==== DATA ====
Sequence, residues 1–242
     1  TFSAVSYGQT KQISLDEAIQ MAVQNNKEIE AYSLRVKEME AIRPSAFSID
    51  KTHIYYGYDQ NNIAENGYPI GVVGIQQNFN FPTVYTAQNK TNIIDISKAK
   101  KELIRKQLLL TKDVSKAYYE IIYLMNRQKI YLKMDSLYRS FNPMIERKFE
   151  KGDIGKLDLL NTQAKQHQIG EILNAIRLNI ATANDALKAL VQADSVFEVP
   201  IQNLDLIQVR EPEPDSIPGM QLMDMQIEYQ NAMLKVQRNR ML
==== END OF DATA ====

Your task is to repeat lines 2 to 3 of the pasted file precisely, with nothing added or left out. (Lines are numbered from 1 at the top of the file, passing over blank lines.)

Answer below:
     1  TFSAVSYGQT KQISLDEAIQ MAVQNNKEIE AYSLRVKEME AIRPSAFSID
    51  KTHIYYGYDQ NNIAENGYPI GVVGIQQNFN FPTVYTAQNK TNIIDISKAK